JRock310

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anyone ever considered this?

im starting to narrow down my choices and want to apply to a few schools in england.
 

Ashers

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Are you American? If so, it's nearly impossible. Then you have to do 2 years after you finish med school there, and I'm fairly sure there's a shortage of spots for grads as it is. I think England's making rules about how many foreigners can train there, but since I'm in med school here now, I really haven't kept up on that information like before.

I tried it 2 years in a row. I interviewed at Imperial College both years. I was told at the interviews that less than 2% of Americans who apply get accepted. I really wanted to just live in England and not practice in the US. If you have any intention of coming back to the States, it'll be harder to get a residency here because you'll then be an IMG.
 

Law2Doc

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If you have any intention of coming back to the States, it'll be harder to get a residency here because you'll then be an IMG.
This is the bottom line. If you plan to practice in the US, you have the best chance of getting the residency of your choice coming from a US allo school. Period.

If you really want an international experience at this juncture, then simply don't apply to med school yet. Do something cool abroad for a year or two. And then apply a year or two later. It will only make your application look more interesting.
 

curious lately

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What about residency? Does anyone know how feasible it is to get a residency in Canada?
 

Ashers

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If you really want an international experience at this juncture, then simply don't apply to med school yet. Do something cool abroad for a year or two. And then apply a year or two later. It will only make your application look more interesting.
Or go to a school that lets you do international away rotations. I'm planning on going back to London for about 6weeks for a rotation/vacation.
 
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JRock310

JRock310

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that's a really good idea...

why? honestly because i have always wanted to go abroad, something i decided on since middle school, i swear.

i have traveled a lot w/ my parents but wanted the experience of living somewhere outside the US. however, because it's a little hard to do as a pre-med student (and my major, biotechnology...they dont have those classes offered at most study abroad programs), i thought it might be interesting to go abroad for med school.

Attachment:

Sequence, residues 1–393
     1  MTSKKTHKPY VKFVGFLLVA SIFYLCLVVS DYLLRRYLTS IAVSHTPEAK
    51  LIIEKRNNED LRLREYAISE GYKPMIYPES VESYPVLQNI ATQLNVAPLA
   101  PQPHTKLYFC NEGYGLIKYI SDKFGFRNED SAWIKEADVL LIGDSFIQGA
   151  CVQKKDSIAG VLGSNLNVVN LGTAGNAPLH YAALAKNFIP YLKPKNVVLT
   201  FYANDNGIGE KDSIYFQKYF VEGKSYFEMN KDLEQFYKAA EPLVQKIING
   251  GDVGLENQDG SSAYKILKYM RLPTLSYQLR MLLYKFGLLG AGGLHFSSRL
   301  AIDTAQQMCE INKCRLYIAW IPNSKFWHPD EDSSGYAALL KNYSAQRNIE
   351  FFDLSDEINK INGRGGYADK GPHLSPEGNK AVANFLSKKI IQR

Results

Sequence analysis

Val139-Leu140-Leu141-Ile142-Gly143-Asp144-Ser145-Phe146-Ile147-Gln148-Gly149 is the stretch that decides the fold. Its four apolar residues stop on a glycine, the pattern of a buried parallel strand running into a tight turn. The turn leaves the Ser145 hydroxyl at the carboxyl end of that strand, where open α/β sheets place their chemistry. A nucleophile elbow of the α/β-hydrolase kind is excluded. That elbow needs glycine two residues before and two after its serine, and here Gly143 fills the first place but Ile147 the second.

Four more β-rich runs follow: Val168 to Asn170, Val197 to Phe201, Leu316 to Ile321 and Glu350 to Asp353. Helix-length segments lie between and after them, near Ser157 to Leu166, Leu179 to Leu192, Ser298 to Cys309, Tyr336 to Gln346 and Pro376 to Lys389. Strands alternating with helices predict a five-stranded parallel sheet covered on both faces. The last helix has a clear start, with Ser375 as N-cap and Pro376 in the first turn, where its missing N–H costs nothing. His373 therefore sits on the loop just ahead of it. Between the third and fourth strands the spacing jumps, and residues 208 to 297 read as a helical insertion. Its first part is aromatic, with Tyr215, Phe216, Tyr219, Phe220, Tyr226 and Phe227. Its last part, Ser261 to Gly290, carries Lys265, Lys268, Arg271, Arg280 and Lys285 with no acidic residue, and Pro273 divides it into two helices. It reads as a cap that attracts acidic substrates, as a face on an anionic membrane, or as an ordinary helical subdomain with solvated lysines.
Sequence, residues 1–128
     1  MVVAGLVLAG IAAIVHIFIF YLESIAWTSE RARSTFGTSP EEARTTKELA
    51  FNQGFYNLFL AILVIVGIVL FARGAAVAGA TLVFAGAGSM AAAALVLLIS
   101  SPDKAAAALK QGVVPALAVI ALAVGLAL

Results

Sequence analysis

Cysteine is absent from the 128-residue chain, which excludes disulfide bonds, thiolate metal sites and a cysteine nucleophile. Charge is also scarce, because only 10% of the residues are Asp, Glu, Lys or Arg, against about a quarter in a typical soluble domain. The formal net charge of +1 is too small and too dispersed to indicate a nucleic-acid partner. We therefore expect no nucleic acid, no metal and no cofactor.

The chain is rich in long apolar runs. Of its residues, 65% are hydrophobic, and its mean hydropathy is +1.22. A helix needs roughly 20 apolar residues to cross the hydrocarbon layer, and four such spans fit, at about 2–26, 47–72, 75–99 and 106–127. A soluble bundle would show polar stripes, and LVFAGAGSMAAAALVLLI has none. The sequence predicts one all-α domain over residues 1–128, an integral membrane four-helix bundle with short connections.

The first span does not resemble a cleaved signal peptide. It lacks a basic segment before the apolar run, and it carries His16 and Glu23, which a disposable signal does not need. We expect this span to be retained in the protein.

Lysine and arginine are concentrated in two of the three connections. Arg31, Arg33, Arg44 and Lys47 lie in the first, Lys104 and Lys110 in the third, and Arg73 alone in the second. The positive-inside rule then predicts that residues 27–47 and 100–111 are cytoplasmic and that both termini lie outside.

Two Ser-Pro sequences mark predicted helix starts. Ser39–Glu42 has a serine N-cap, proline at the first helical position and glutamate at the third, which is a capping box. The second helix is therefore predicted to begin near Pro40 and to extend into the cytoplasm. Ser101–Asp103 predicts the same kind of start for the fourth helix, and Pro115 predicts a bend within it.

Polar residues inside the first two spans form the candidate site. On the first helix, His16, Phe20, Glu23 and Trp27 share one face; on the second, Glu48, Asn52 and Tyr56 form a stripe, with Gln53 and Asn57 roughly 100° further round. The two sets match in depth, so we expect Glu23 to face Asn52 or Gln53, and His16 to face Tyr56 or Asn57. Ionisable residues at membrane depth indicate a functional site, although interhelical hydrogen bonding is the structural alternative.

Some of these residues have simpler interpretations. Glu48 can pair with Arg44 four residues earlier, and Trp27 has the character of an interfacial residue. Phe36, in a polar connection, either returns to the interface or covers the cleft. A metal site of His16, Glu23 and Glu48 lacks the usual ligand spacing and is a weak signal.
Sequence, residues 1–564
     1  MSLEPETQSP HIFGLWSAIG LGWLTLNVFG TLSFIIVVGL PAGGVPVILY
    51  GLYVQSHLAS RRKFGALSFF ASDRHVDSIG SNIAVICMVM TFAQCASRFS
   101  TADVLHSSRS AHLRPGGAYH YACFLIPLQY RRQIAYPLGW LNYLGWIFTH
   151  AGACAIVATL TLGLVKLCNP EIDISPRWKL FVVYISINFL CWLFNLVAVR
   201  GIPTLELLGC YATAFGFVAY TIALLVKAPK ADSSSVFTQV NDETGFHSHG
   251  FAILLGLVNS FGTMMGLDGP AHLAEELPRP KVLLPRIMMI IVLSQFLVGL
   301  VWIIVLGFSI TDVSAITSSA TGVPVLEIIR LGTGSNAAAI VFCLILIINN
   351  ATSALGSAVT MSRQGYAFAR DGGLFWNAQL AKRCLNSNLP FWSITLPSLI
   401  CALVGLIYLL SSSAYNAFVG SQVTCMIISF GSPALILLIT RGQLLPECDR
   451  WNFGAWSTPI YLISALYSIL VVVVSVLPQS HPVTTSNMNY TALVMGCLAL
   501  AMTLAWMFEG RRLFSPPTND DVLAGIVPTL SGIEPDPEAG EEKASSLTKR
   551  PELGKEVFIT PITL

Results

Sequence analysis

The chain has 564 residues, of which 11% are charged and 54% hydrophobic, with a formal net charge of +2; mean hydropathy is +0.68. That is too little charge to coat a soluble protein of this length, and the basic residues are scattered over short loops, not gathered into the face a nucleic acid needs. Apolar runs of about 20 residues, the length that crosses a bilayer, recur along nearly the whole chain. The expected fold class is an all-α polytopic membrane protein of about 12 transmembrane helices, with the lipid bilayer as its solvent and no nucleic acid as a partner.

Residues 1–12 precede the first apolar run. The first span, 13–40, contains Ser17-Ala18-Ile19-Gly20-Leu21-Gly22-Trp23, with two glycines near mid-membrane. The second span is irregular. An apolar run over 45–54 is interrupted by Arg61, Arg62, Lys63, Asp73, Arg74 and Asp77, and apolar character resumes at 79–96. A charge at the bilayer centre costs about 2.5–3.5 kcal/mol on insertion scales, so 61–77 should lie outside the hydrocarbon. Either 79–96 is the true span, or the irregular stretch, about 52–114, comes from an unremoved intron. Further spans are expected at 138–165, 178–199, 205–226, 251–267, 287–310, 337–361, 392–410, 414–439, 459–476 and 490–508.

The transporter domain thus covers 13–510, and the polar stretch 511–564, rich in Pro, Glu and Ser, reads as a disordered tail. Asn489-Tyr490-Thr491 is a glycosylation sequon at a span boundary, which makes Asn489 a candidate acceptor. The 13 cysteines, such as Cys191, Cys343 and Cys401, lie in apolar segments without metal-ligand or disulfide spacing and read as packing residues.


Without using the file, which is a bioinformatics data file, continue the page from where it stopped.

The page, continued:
i see how that might not be a great idea, though. going to a school that allows international rotations is a good idea. im not set on it at all, i was honestly just curious as to what others have experienced w/ it.
 

shaker

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If you want to practice medicine in the US, do NOT go abroad if you have the choice. Most American citizens who go abroad for med school do so only because they weren't able to get into a med school in the US. As a graduate of a foreign medical school, you'll be at a huge disadvantage when you return to the US and apply for residencies.
 

Ashers

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that's a really good idea...

why? honestly because i have always wanted to go abroad, something i decided on since middle school, i swear.

i have traveled a lot w/ my parents but wanted the experience of living somewhere outside the US. however, because it's a little hard to do as a pre-med student (and my major, biotechnology...they dont have those classes offered at most study abroad programs), i thought it might be interesting to go abroad for med school.

i see how that might not be a great idea, though. going to a school that allows international rotations is a good idea. im not set on it at all, i was honestly just curious as to what others have experienced w/ it.
Are you applying for med schools this year?

If you still have time to study abroad, I'd check out the University of Westminster in London. That's where I was for a year, and I took lots of bio classes with biotech majors.
 

kami333

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that's a really good idea...

why? honestly because i have always wanted to go abroad, something i decided on since middle school, i swear.

i have traveled a lot w/ my parents but wanted the experience of living somewhere outside the US. however, because it's a little hard to do as a pre-med student (and my major, biotechnology...they dont have those classes offered at most study abroad programs), i thought it might be interesting to go abroad for med school.

i see how that might not be a great idea, though. going to a school that allows international rotations is a good idea. im not set on it at all, i was honestly just curious as to what others have experienced w/ it.
How about studying Biotechnology and Biomedicine in Denmark?

I studied abroad and then lived abroad for a while after graduating, until I ran out extensions on my visa. I've thought about going to Europe for medical school (and eventually practice there?) but in the end, I've decided that getting my degree in the US would be easier, and more importantly less risky, even though if I do go back abroad I might have to spend some more time on testing or training.
 

loganhayes

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Just go to school here in the U.S. Get residency here also in the U.S. Where you practice is up to you. It can be anywhere in the world. U.S. (trained) medical graduates have the license to practice almost anywhere in the world. Now, that is a privilege.
 

Ella Shepherd

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